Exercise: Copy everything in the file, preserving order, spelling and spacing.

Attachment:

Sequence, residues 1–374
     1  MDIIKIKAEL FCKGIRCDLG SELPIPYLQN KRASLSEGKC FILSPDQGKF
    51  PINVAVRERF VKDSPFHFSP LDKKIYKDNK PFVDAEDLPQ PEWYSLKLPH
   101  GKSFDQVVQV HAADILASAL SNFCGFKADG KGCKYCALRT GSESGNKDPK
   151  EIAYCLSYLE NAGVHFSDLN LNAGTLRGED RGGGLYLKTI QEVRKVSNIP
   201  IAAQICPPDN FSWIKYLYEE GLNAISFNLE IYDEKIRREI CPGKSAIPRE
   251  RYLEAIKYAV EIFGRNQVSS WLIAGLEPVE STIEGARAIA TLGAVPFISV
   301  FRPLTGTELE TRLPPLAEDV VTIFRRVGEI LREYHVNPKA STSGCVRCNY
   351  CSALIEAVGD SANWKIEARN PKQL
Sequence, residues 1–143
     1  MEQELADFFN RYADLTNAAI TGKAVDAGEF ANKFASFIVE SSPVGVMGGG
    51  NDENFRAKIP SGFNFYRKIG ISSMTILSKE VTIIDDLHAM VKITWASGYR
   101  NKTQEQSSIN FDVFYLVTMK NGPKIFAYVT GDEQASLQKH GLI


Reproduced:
Sequence, residues 1–374
     1  MDIIKIKAEL FCKGIRCDLG SELPIPYLQN KRASLSEGKC FILSPDQGKF
    51  PINVAVRERF VKDSPFHFSP LDKKIYKDNK PFVDAEDLPQ PEWYSLKLPH
   101  GKSFDQVVQV HAADILASAL SNFCGFKADG KGCKYCALRT GSESGNKDPK
   151  EIAYCLSYLE NAGVHFSDLN LNAGTLRGED RGGGLYLKTI QEVRKVSNIP
   201  IAAQICPPDN FSWIKYLYEE GLNAISFNLE IYDEKIRREI CPGKSAIPRE
   251  RYLEAIKYAV EIFGRNQVSS WLIAGLEPVE STIEGARAIA TLGAVPFISV
   301  FRPLTGTELE TRLPPLAEDV VTIFRRVGEI LREYHVNPKA STSGCVRCNY
   351  CSALIEAVGD SANWKIEARN PKQL
Sequence, residues 1–143
     1  MEQELADFFN RYADLTNAAI TGKAVDAGEF ANKFASFIVE SSPVGVMGGG
    51  NDENFRAKIP SGFNFYRKIG ISSMTILSKE VTIIDDLHAM VKITWASGYR
   101  NKTQEQSSIN FDVFYLVTMK NGPKIFAYVT GDEQASLQKH GLI